Brent Jacoby v. Baldwin County, et al., No. 13-12444 (11th Cir. 2014)

Annotate this Case
Download PDF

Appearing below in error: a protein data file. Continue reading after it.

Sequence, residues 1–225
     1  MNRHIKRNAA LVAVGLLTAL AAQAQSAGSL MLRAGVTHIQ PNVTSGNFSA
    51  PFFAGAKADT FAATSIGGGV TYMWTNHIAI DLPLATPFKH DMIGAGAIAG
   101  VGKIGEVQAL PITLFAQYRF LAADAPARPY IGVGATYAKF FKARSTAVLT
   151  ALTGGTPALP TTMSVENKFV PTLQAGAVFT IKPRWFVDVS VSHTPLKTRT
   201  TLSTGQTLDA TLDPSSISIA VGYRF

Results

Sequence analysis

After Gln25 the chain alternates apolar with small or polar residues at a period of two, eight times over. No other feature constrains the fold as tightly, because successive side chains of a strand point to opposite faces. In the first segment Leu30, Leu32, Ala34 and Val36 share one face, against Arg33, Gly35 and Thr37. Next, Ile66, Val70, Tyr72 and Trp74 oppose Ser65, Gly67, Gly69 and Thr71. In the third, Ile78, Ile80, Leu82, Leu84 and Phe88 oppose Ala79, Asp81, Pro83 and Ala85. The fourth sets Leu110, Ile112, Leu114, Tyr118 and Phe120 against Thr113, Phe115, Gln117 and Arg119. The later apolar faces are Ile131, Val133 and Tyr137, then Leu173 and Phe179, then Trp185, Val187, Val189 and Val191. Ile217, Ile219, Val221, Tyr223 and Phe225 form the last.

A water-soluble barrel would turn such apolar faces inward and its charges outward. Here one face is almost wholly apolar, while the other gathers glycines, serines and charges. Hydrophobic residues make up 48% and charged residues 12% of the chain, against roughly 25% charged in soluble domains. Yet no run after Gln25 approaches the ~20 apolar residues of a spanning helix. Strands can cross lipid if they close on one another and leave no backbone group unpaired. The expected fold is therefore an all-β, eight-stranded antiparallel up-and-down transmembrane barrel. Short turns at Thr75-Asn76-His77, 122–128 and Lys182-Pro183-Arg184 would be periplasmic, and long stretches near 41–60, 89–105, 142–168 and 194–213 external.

Case: 13-12444 Date Filed: 12/31/2014 Page: 1 of 21 [DO NOT PUBLISH] IN THE UNITED STATES COURT OF APPEALS FOR THE ELEVENTH CIRCUIT ________________________ No. 13-12444 Non-Argument Calendar ________________________ D.C. Docket No. 1:12-cv-00197-WS-M BRENT JACOBY, Plaintiff - Appellant, versus BALDWIN COUNTY, SHERIFF MACK, MAJOR BYRNE, DR. SHERMAN, NURSE WASDIN, et al., Defendants - Appellees, ________________________ Appeal from the United States District Court for the Southern District of Alabama ________________________ (December 31, 2014) Case: 13-12444 Date Filed: 12/31/2014 Page: 2 of 21 Before MARTIN, JILL PRYOR, and ANDERSON, Circuit Judges. PER CURIAM: Brent Jacoby, an Alabama pretrial detainee proceeding pro se, appeals the district court’s order granting summary judgment 1 on his claims under 42 U.S.C. § 1983 in favor of Baldwin County, Baldwin County Sheriff Huey Mack, Corporals William Crull, Kent Carr, and Wallace McCall, and two members of the Baldwin County Corrections Center (“BCCC”) health staff, Dr. Charles Sherman and Registered Nurse Carol Wasdin. 2 After careful review, and for the reasons set forth below, we affirm. I. In late October 2011, Mr. Jacoby arrived at BCCC to await trial. 3 During the intake process, Mr. Jacoby informed Nurse Wasdin, BCCC’s Director of Nursing, that he suffered from seizures and mental illness that required medication for treatment. He also indicated that he had suffered previously from suicidal 1 The district court denied Mr. Jacoby’s cross motion for summary judgment. The final named defendant, BCCC Commander Arthur Byrne, apparently died after Mr. Jacoby filed his notice of appeal. See Suggestion of Death, Jacoby v. Baldwin Cnty. et al., No. 1:12-CV197 (S.D. Ala. Dec. 10, 2013) (ECF No. 93). Although Federal Rule of Appellate Procedure 43(a)(1) permits a party’s substitution in the event of death, the substitution must be requested in a motion to this Court. Mr. Jacoby filed a motion for substitution in the district court, which the district court denied, directing Mr. Jacoby to file his motion in this Court. Mr. Jacoby has not done so. We therefore conclude that neither Commander Byrne nor any of his representatives remains a party to this appeal. See Albra v. Advan, Inc., 490 F.3d 826, 829 (11th Cir. 2007) (requiring pro se litigants to conform to the Court’s procedural rules). 3 The facts that follow, unless otherwise indicated, are not in dispute. See McCullough v. Antolini, 559 F.3d 1201, 1202 (11th Cir. 2009) (requiring courts to rely on all undisputed facts and otherwise take facts in the light most favorable to the nonmovant at the summary judgment phase). 2 2 Case: 13-12444 Date Filed: 12/31/2014 Page: 3 of 21 thoughts and tendencies and stated that he had attempted suicide once in 2001 and again in 2005. BCCC medical staff attempted to locate Mr. Jacoby’s most current medical and pharmaceutical records. Although they successfully located some of Mr. Jacoby’s medical records, they were unable to locate records of the prescriptions Mr. Jacoby said he had at the pharmacies he disclosed to them. In the final days of October, Mr. Jacoby completed several health services request forms, on which he indicated that he needed to see a mental health professional for counseling and medication for bipolar disorder. BCCC medical staff scheduled a November 1, 2011 appointment for Mr. Jacoby to see Dr. Sherman, an internist who was BCCC’s Medical Director. At that appointment, Mr. Jacoby told Dr. Sherman about his seizures, and Dr. Sherman prescribed him a drug called Dilantin. 4 Mr. Jacoby also talked about his history of mental illness but, because he did not present with any symptoms, Dr. Sherman did not prescribe psychiatric medication. On November 9, 2011, Mr. Jacoby completed a health services request form asking that his anti-seizure medication be changed. In response to this request, and after receiving Mr. Jacoby’s medical records from the New York Department of 4 Although Mr. Jacoby initially claimed Dr. Sherman’s treatment of his seizures was deliberately indifferent, he does not assert this claim on appeal. 3 Case: 13-12444 Date Filed: 12/31/2014 Page: 4 of 21 Corrections, Dr. Sherman changed Mr. Jacoby’s medication to a drug called Tegretol, which is used to treat both seizures and depression.5 A few weeks later, on December 11, 2011, Mr. Jacoby completed another mental health services request form indicating that he needed treatment for “mental problems.” He stated, “I don’t feel good and every day I am in here I feel like I am deteriorating and losing my mind . . . . I need to see a psychiatrist . . . before I lose it please.” BCCC medical staff did not receive this notice until two days later, on December 13, 2011. On December 12, Mr. Jacoby cut his throat with a razor blade and swallowed the blade, which he had snapped in half and wrapped in a paper towel. BCCC staff transported Mr. Jacoby to a nearby hospital where he received treatment for his wounds, a CAT scan revealing the ingested blades, and prescriptions for Lithium (a mood stabilizer), Remeron (an antidepressant), and Tegretol (the anti-seizure and antidepressant medication Dr. Sherman had prescribed). When Mr. Jacoby returned from the hospital that day, Corporal Carr, a BCCC classification officer charged with determining (with Nurse Wasdin’s medical advice) which category of housing was appropriate for each inmate, placed Mr. Jacoby on suicide watch. On suicide watch, each inmate was observed physically every 15 minutes,6 clothed in a simple gown, given a sleeping mat, and prohibited from possessing 5 Mr. Jacoby asserts that Dr. Sherman said he could prescribe medication for mental illness only by court order. Dr. Sherman’s prescription of Tegretol contradicts this assertion, however. 4 Case: 13-12444 Date Filed: 12/31/2014 Page: 5 of 21 personal property, bedding, or any clothing. BCCC Commander Byrne, not a party to this appeal, testified that inmates on suicide watch were housed on F block. Other inmates housed on F block included those in protective custody, administrative segregation, disciplinary segregation, and general watch. None were issued razors. Commander Byrne was aware that inmates in the adjacent cell block would sometimes slide contraband beneath the door of F block, but he testified that officers observed the area to prevent this from occurring. Aside from the 15 minute checks, suicide watch cells were video recorded, and the feed was transmitted to officers stationed in BCCC’s control pod. Dr. Sherman saw Mr. Jacoby the day after the December 12 incident. Mr. Jacoby would not speak to Dr. Sherman at this meeting, but Dr. Sherman listed on his medical forms a diagnosis of “personality disorder,” seizures, and “possible depression bipolar.” Dr. Sherman ordered that Mr. Jacoby continue the three medications the hospital had prescribed. Dr. Sherman also ordered that Mr. Jacoby’s therapeutic blood levels be checked in a week to evaluate the medications’ efficacy. Mr. Jacoby soon began complaining about being on suicide watch. Often in protest of his suicide watch status, but also when demanding to see a mental health 6 BCCC staff evaluated each inmate on suicide watch every week. If the inmate’s risk of suicide was determined to have decreased, staff thereafter would observe the inmate only every 30 minutes. 5 Case: 13-12444 Date Filed: 12/31/2014 Page: 6 of 21 professional, Mr. Jacoby refused to take his medication on occasion, declined several medical appointments, and threatened to refuse all medical care. On December 20, 2011, while still on suicide watch, Mr. Jacoby completed a health services request form stating that he was losing his mind, “getting angry[,] and feel[ing] like [he was] about to get violent and go off.” He complained that he was “sick of being on suicide watch” and “want[ed] to be cleared.” Based on his threats of violence, Corporal Carr determined on December 21 that Mr. Jacoby should remain on suicide watch. The following day, Mr. Jacoby obtained a razor blade from another inmate, cut his throat and wrist, and again swallowed the blade. The officers who responded, which, according to Mr. Jacoby, included Corporal Crull, sprayed Mr. Jacoby with pepper spray and removed him from his cell. Mr. Jacoby averred that the BCCC staff failed to decontaminate him for eight hours. Corporal Crull testified that he arrived at Mr. Jacoby’s cell that day only after Mr. Jacoby had been transported to the medical unit. He also testified that, each time he personally witnessed the use of pepper spray against Mr. Jacoby, Mr. Jacoby promptly was decontaminated. Nurse Wasdin testified that she was present in the medical unit when Mr. Jacoby arrived that day and that he was decontaminated immediately and taken to the local hospital. 6 Case: 13-12444 Date Filed: 12/31/2014 Page: 7 of 21 BCCC medical staff again transported Mr. Jacoby to the hospital, where he was treated. When he returned to BCCC, Nurse Wasdin placed him back on suicide watch, this time also requiring that his cell be searched each shift and that he be allowed out of his cell only while under supervision. Mr. Jacoby remained on suicide watch until January 10, 2012. On February 7, Dr. Sherman saw him after Mr. Jacoby completed a health services request form complaining that he had gained weight. Dr. Sherman believed the weight gain to be attributable not to the Tegretol, as Mr. Jacoby insisted, but to the Remeron, but Dr. Sherman nonetheless discontinued the Tegretol, substituted a different anti-seizure medication, Dilantin, and also decreased Mr. Jacoby’s intake of Remeron. Mr. Jacoby immediately expressed his dissatisfaction with these medication changes, yelling at staff, threatening self harm, and refusing to take his medication. Based on these threats and his history at BCCC, Nurse Wasdin and Corporal Carr transferred Mr. Jacoby once again to a suicide watch cell. 7 Mr. Jacoby complained continually about his suicide-watch classification, asking to be returned to the general population because he was complying by taking his medication. While on suicide watch in February, Mr. Jacoby obtained two metal pieces from other inmates and turned them over to staff. 7 Dr. Sherman met with Mr. Jacoby again on February 21, while Mr. Jacoby was still on suicide watch. At that meeting, Dr. Sherman switched Mr. Jacoby’s anti-seizure medication to Neurontin at Mr. Jacoby’s request. 7 Case: 13-12444 Date Filed: 12/31/2014 Page: 8 of 21 Mr. Jacoby filed the instant suit in March 2012.8 He filed an amended complaint on July 11, 2012, after which the defendants filed answers and Special Reports, submitted testimony and documents, and requested the court to consider the filings as motions for summary judgment. Mr. Jacoby then filed a motion for summary judgment and responses in opposition to the defendants’ motions for summary judgment. On May 7, 2013, a magistrate judge recommended that the district court treat the defendants’ Special Reports as motions for summary judgment, grant those motions, and deny Mr. Jacoby’s cross motion. Over Mr. Jacoby’s objections to some of those recommendations, the district court adopted the magistrate judge’s recommendation, granted the defendants’ motions for summary judgment, and denied Mr. Jacoby’s motion. Mr. Jacoby now appeals. II. We review de novo summary judgment rulings, drawing all inferences and reviewing all evidence in the light most favorable to the non-moving party. Moton v. Cowart, 631 F.3d 1337, 1341 (11th Cir. 2011). Summary judgment is appropriate “if the movant shows that there is no genuine dispute as to any material fact and the movant is entitled to judgment as a matter of law.” Fed. R. Civ. P. 56(a). “The moving party may meet its burden to show that there are no genuine 8 He continued to harm himself and, after two incidents in August 2012, Nurse Wasdin petitioned a probate court to have Mr. Jacoby involuntarily committed. The court declined, attributing Mr. Jacoby’s self harm and aggression to a “personality disorder rather than a serious mental illness.” 8 Case: 13-12444 Date Filed: 12/31/2014 Page: 9 of 21 issues of material fact by demonstrating that there is a lack of evidence to support the essential elements that the non-moving party must prove at trial.” Moton, 631 F.3d at 1341 (citing Celotex Corp. v. Catrett, 477 U.S. 317, 322-23 (1986)). III. As a preliminary matter, Mr. Jacoby contends the district court erred in ruling on the parties’ motions for summary judgment before the defendants responded to his motion. He argues that the defendants’ failure to respond to his summary judgment motion amounted to an admission of liability. We have made clear, however, that a district court “cannot base the entry of summary judgment on the mere fact that the motion was unopposed but, rather, must consider the merits of the motion.” Trs. of Cent. Pension Fund of Int’l Union of Operating Eng’rs & Participating Emp’rs v. Wolf Crane Serv., Inc., 374 F.3d 1035, 1039 (11th Cir. 2004) (internal quotation marks omitted). Thus, the district court did not err in deciding the merits of Mr. Jacoby’s motion without an official response from the defendants. 9 We turn now to the merits of Mr. Jacoby’s claims. A. Deliberate Indifference to Mental Health Needs 9 We also note that the defendants previously had filed detailed Special Reports, which they asked the district court to construe as motions for summary judgment. And, under the Southern District of Alabama’s local rules, the defendants were not required to respond to Mr. Jacoby’s motion if he failed to meet his burden on summary judgment. See S.D. Ala. Local R. 7.2(b) (“[N]othing in this rule shall be construed to require the non-movant to respond in actions where the movant has not borne its burden of establishing that there is no dispute as to any material fact.”). 9 Case: 13-12444 Date Filed: 12/31/2014 Page: 10 of 21 Mr. Jacoby first contends the district court erred in granting summary judgment in favor of Dr. Sherman and Nurse Wasdin on his claim that they were deliberately indifferent to his mental health needs. He also challenges the district court’s determinations that Sheriff Mack was not liable under a theory of supervisory liability and that Baldwin County was not liable for an unconstitutional custom or policy. We address these arguments in turn. “[T]he minimum standard for providing medical care to a pre-trial detainee under the Fourteenth Amendment is the same as the minimum standard required by the Eighth Amendment for a convicted prisoner; both [rights] are violated by a government official’s deliberate indifference to serious medical needs.” Lancaster v. Monroe Cnty., Ala., 116 F.3d 1419, 1425 n.6 (11th Cir. 1997). To overcome a motion for summary judgment, a plaintiff must raise a genuine issue of material fact on the two components that make up a deliberate indifference claim: (1) the existence of an objectively serious medical need and (2) deliberate indifference to that need. Farrow v. West, 320 F.3d 1235, 1243 (11th Cir. 2003). A serious medical need is “one that has been diagnosed by a physician as mandating treatment or one that is so obvious that even a lay person would easily recognize the necessity for a doctor’s attention.” Id. (internal quotation marks omitted). Deliberate indifference requires subjective knowledge of a risk of serious harm due 10 Case: 13-12444 Date Filed: 12/31/2014 Page: 11 of 21 to the medical need and disregard of the risk amounting to more than mere negligence. Id. at 1245-46. We first conclude that Mr. Jacoby’s mental health problems constituted a serious medical need. The record makes evident that Dr. Sherman, Nurse Wasdin, and BCCC staff recognized the seriousness of Mr. Jacoby’s condition — he engaged in self harm, perseverated in complaining about his medications and lack of medical attention despite receiving attention, and showed outward signs of mania and depression. Mr. Jacoby’s deliberate indifference claims fail, though, because Dr. Sherman and Nurse Wasdin attended to his needs and escalated the nature of their attempts to ensure Mr. Jacoby’s safety and compliance each time he harmed himself. Even viewed in the light most favorable to Mr. Jacoby, the facts do not show that Dr. Sherman or Nurse Wasdin had subjective knowledge of a serious risk of harm before Mr. Jacoby’s first instance of self harm. Mr. Jacoby had informed Dr. Sherman and Nurse Wasdin that he suffered from various forms of mental illness. He also informed Nurse Wasdin that he had attempted suicide once in 2001 and once in 2005. But, on his initial medical assessment form, which Nurse Wasdin completed and Dr. Sherman reviewed, Mr. Jacoby indicated that his suicidal thoughts and tendencies were past, not present. Further, Dr. Sherman did not observe any symptoms of mental illness when he first examined Mr. Jacoby. 11 Case: 13-12444 Date Filed: 12/31/2014 Page: 12 of 21 Nothing in the record establishes that either Dr. Sherman or Nurse Wasdin had subjective knowledge that Mr. Jacoby posed a serious risk to himself based on that initial assessment and appointment. Beginning at the end of October 2011 and continuing throughout November, Mr. Jacoby submitted a number of health services request forms on which he indicated he suffered from bipolar disorder and needed medication. Dr. Sherman responded by prescribing Tegretol for seizures and depression. Mr. Jacoby did not mention any suicidal ideation or intention to harm himself until December 11, 2011. The undisputed evidence shows that request was not received by BCCC medical staff until two days later, the day after Mr. Jacoby’s first incident of self harm. 10 Until the first incident, then, neither Dr. Sherman nor Nurse Wasdin was deliberately indifferent to Mr. Jacoby’s mental health needs. See Farrow, 320 F.3d at 1243 (requiring subjective knowledge of a serious risk of harm for deliberate indifference claim). From December 12 onward, Dr. Sherman and Nurse Wasdin undoubtedly had subjective knowledge of Mr. Jacoby’s serious risk of harming himself. But 10 We note that BCCC’s failure to receive and respond to Mr. Jacoby’s health services request form in a more timely manner may have been negligent. Mere negligence, however, cannot support a deliberate indifference claim. See Farrow, 320 F.3d at 1245-46. For this same reason, Mr. Jacoby’s claim that Dr. Sherman was deliberately indifferent in failing to prescribe him medication for his bipolar disorder at his initial assessment or before the first incident (during which time Dr. Sherman had no indication from his examination that Mr. Jacoby posed a serious risk of harm to himself but had nonetheless prescribed an antidepressant) fails. At most, Dr. Sherman’s conduct amounted to negligence. 12 Case: 13-12444 Date Filed: 12/31/2014 Page: 13 of 21 Dr. Sherman continued to provide Mr. Jacoby the psychiatric medication the hospital had prescribed and monitored Mr. Jacoby weekly to evaluate any improvements or other changes in his condition. Nurse Wasdin, in turn, placed Mr. Jacoby on close supervision in a suicide watch cell. Eventually, after he had harmed himself on a number of occasions, Nurse Wasdin took the more drastic step of petitioning the probate court to have him involuntarily committed. To the extent Mr. Jacoby challenges these actions, his claim is based on a disagreement with the course of treatment Dr. Sherman and Nurse Wasdin pursued. Mr. Jacoby’s difference of opinion regarding his treatment does not support an Eighth Amendment claim. See Harris v. Thigpen, 941 F.2d 1495, 1505 (11th Cir. 1991). 11 Because we conclude that Dr. Sherman and Nurse Wasdin were not deliberately indifferent, we necessarily decide that neither Sheriff Mack nor Baldwin County can be held liable for deliberate indifference to Mr. Jacoby’s mental health needs. See Grech v. Clayton Cnty., Ga., 335 F.3d 1326, 1329 (11th Cir. 2003) (en banc) (providing that a municipality’s § 1983 liability is premised upon an underlying constitutional violation); Cottone v. Jenne, 326 F.3d 1352, 1360 (11th Cir. 2003) (noting that a supervisor is liable under § 1983 only if he personally participates in unconstitutional conduct or if his actions can be 11 Mr. Jacoby has abandoned by not arguing on appeal his claim that Dr. Sherman was involved in his placement on suicide watch and was deliberately indifferent in regards to that placement. See Reams v. Irvin, 561 F.3d 1258, 1262 n.4 (11th Cir. 2009). 13 Case: 13-12444 Date Filed: 12/31/2014 Page: 14 of 21 connected causally to a constitutional deprivation). Thus, the district court did not err in granting summary judgment in favor of each of these defendants. B. Deliberate Indifference to an Unsafe Environment Mr. Jacoby next asserts the district court erred in granting summary judgment in favor of Sheriff Mack and Baldwin County on his claim that, while on suicide watch, he was housed in an unconstitutionally unsafe environment because his suicide watch cell was situated such that other inmates routinely passed him (and others in suicide watch cells) dangerous contraband.12 According to Mr. Jacoby, inmates (including those on suicide watch) in F block would receive contraband from general population inmates in E block by pushing or using fishing line to feed items under the doors of each block. Alternatively, F block inmates could obtain in trade contraband from others in the BCCC general population during shower or recreation time. It is through these means, Mr. Jacoby alleged, that he obtained the razor he used to cut himself on December 22, 2011, as well as two pieces of metal in the weeks after that incident. He contends the defendants knew but ignored this risk of contraband exchanges. 12 On appeal, Mr. Jacoby contends for the first time that Corporals Crull and McCall are also liable for BCCC’s unsafe environment. Because he never asserted this claim against the corporals in the district court, we do not address those issues here. See Miller v. King, 449 F.3d 1149, 1150 n.1 (11th Cir. 2006). And, because this is the only claim Mr. Jacoby advances against Corporal McCall on appeal, we affirm the district court’s grant of summary judgment in his favor. 14 Case: 13-12444 Date Filed: 12/31/2014 Page: 15 of 21 Commander Byrne, to whom Sheriff Mack delegated responsibility for daily operations at BCCC, testified that he knew “E and F inmates can slide a note or razor blade from block to block by pushing the object with force across the hallway and under the cell block door.” He noted that officers “continually observ[e] this area,” but inmates still occasionally succeed in passing contraband that way. Sheriff Mack testified generally to the fact that his policies for BCCC did not create unsafe conditions for inmates on suicide watch. The district court was correct to conclude that, because there is no evidence that BCCC officers were deliberately indifferent, neither Sheriff Mack nor Baldwin County can be held liable on Mr. Jacoby’s claim of an unsafe environment. “Where prison personnel directly responsible for inmate care have knowledge that an inmate has attempted, or even threatened, suicide, their failure to take steps to prevent that inmate from committing suicide can amount to deliberate indifference.” Greason v. Kemp, 891 F.2d 829, 835-36 (11th Cir. 1990). An officer is not deliberately indifferent “unless there was a strong likelihood, rather than a mere possibility, that suicide would result from a defendant’s actions or inaction.” Heggs v. Grant, 73 F.3d 317, 320 (11th Cir. 1996) (internal quotation marks omitted). Liability attaches only if the officer “knows of and disregards an excessive risk” of suicide. Farmer v. Brennan, 511 U.S. 825, 837 (1994). 15 Case: 13-12444 Date Filed: 12/31/2014 Page: 16 of 21 Here, it is clear that Commander Byrne knew there was a risk of contraband passing from general population inmates to inmates on suicide watch. The evidence is less than clear that Commander Byrne or the other officers knew contraband was passing in the manner Mr. Jacoby reported. In any event, BCCC staff took several measures to prevent passing of contraband and to discover any contraband that was transferred. The hallway between blocks E and F was consistently monitored, the suicide watch cells were video recorded and monitored from the officers’ control pod, and officers performed physical checks of inmates on suicide watch every 15 or 30 minutes. In Mr. Jacoby’s case, after he was discovered in possession of a razor the first time while on suicide watch, Nurse Wasdin employed additional means of supervision, requiring that officers search Mr. Jacoby’s cell each shift and supervise him any time he left his cell. Thus, assuming BCCC officers knew of the specific risk that Mr. Jacoby would obtain contraband while on suicide watch under the cell block doors or otherwise, the evidence in the record belies any claim that the officers disregarded that risk generally or as to Mr. Jacoby. And, because any supervisory liability as to Sheriff Mack or municipality liability as to Baldwin County can attach only if Mr. Jacoby’s constitutional rights were violated, neither is liable here. See City of Canton, Ohio v. Harris, 489 U.S. 378, 388-89 (1989); Cottone, 326 F.3d at 1360. 16 Case: 13-12444 Date Filed: 12/31/2014 Page: 17 of 21 Summary judgment in favor of Sheriff Mack and Baldwin County therefore was appropriate. C. Excessive Force Claim Mr. Jacoby next contends that Corporal Crull used excessive force when, on December 22, 2011, Corporal Crull and another officer used pepper spray to subdue him after he cut himself with a razor blade even though he was lying on his cell floor bleeding from his wounds.13 In his verified complaint, Mr. Jacoby asserted that the officers saw him begin to harm himself and, standing outside his cell, pepper sprayed him while he was lying on the ground bleeding from his wounds. Also according to Mr. Jacoby, the officers failed to decontaminate him for eight hours. The officers dispute this version of events (Corporal Crull denies even being present), and the BCCC nurse’s notes in the record contradict Mr. Jacoby’s contention about the delay. An officer’s excessive use of force violates the Eighth Amendment’s ban on cruel and unusual punishment. To establish such a claim, a plaintiff must show that the alleged wrongdoing was objectively “harmful enough” to amount to a constitutional violation and that “the officials acted with a sufficiently culpable state of mind,” that is, “maliciously and sadistically to cause harm.” Hudson v. McMillian, 503 U.S. 1, 7-8 (1992) (alteration and internal quotation marks 13 Mr. Jacoby does not appeal the district court’s adverse judgment on his claim that Corporal Crull used excessive force on another occasion, around December 14, 2011. 17 Case: 13-12444 Date Filed: 12/31/2014 Page: 18 of 21 omitted). “Prison guards may use force when necessary to restore order and need not wait until disturbances reach dangerous proportions before responding.” Bennett v. Parker, 898 F.2d 1530, 1533 (11th Cir. 1990). We conclude that the district court correctly granted summary judgment in favor of Corporal Crull on Mr. Jacoby’s claim that Corporal Crull and another officer used pepper spray to subdue him. Mr. Jacoby previously had threatened violence in addition to self harm, and the officers reasonably could have believed Mr. Jacoby might use the razor (that Mr. Jacoby admits the officers saw) in defense when the officers approached or to harm himself further. Thus, to extract Mr. Jacoby from his cell safely, the officers were justified in their use of pepper spray. See id. Mr. Jacoby’s assertion that the officers failed to decontaminate him for eight hours is better couched as a deliberate indifference claim. See Haines v. Kerner, 404 U.S. 519, 520-21 (1972) (emphasizing that courts must hold pro se pleadings to less stringent standards than formal pleadings drafted by lawyers). “Delay in access to medical attention can violate the Eighth Amendment . . . when it is tantamount to unnecessary and wanton infliction of pain.” Hill v. Dekalb Reg’l Youth Det. Ctr., 40 F.3d 1176, 1187 (11th Cir. 1994) (citation and internal quotation marks omitted), abrogated on other grounds by Hope v. Pelzer, 536 U.S. 730 (2002). Deliberate indifference in the form of an unreasonable delay is 18 Case: 13-12444 Date Filed: 12/31/2014 Page: 19 of 21 cognizable when prison officials delay treatment for life-threatening emergencies, but also in “situations where it is apparent that delay would detrimentally exacerbate the medical problem.” Id. Ultimately, however, “[a]n inmate who complains that delay in medical treatment rose to a constitutional violation must place verifying medical evidence in the record to establish the detrimental effect of delay in medical treatment to succeed.” Id. As a preliminary matter, although Corporal Crull urges us to discredit Mr. Jacoby’s statements about the eight hour delay in treatment and about Corporal Crull’s involvement in the incident, we will not do so at the summary judgment stage. See 28 U.S.C. § 1746; Barker v. Norman, 651 F.2d 1107, 1114-15 (5th Cir. Unit A July 1981)14 (noting that allegations in a verified complaint, made under penalty of perjury, meet Federal Rule of Civil Procedure 56’s requirements for affidavits and sworn declarations). Thus, at this stage, we must take as true Mr. Jacoby’s assertion that officers failed to decontaminate him for eight hours. Even taking this assertion as true, however, Mr. Jacoby’s deliberate indifference claim based on the decontamination delay he alleges cannot survive Corporal Crull’s motion for summary judgment. Mr. Jacoby’s complaint contains no allegation that the pepper spray or the delay in decontamination caused him 14 In Bonner v. City of Prichard, 661 F.2d 1206, 1209 (11th Cir. 1981) (en banc), we adopted as binding precedent all decisions of the former Fifth Circuit handed down prior to the close of business on September 30, 1981. 19 Case: 13-12444 Date Filed: 12/31/2014 Page: 20 of 21 injury, and no evidence in the record otherwise indicates that he suffered any harm as a result of the pepper spray. See Hill, 40 F.3d at 1187. Thus, Mr. Jacoby’s contentions regarding the pepper spray are insufficient to create a genuine issue of material fact on his deliberate indifference claim against Corporal Crull. D. Retaliation Claim Last, Mr. Jacoby contends Nurse Wasdin and Corporal Carr wrongfully placed him on suicide watch on February 8, 2012, in retaliation for his failure to take the seizure medication he was prescribed. An inmate must establish three elements to prevail on a retaliation claim: (1) “his speech or act was constitutionally protected,” (2) “the defendant’s retaliatory conduct adversely affected the protected speech,” and (3) “there is a causal connection between the retaliatory actions and the adverse effect on speech.” Bennett v. Hendrix, 423 F.3d 1247, 1250 (11th Cir. 2005). Where evidence shows that the inmate committed an infraction and the officials’ conduct was in response to that behavior, the officials’ response is not retaliatory. See O’Bryant v. Finch, 637 F.3d 1207, 1215 (11th Cir. 2011). When Mr. Jacoby previously had refused to take his medications and made demands about his prescriptions or other conditions, he often harmed himself very shortly thereafter. This time, on February 7, 2012 — the day before Corporal Carr and Nurse Wasdin returned him to suicide watch — Mr. Jacoby completed a health 20 Case: 13-12444 Date Filed: 12/31/2014 Page: 21 of 21 services request form in which he stated, “if I start getting depressed and having manic states from not taking my meds it’s on you!!” Thus, by the time he again complained on February 8, Nurse Wasdin and Corporal Carr were within their authority to place Mr. Jacoby in a more protective environment in anticipation of any self harm that might follow. See O’Bryant, 637 F.3d at 1215. This was not retaliatory conduct, and the district court correctly granted summary judgment in favor of Nurse Wasdin and Corporal Carr on this claim. IV. For the foregoing reasons, we affirm the district court’s grant of summary judgment in favor of defendants Baldwin County, Sheriff Mack, Corporals Carr, Crull, and McCall, Dr. Sherman, and Nurse Wasdin and denial of Mr. Jacoby’s cross motion. AFFIRMED. 21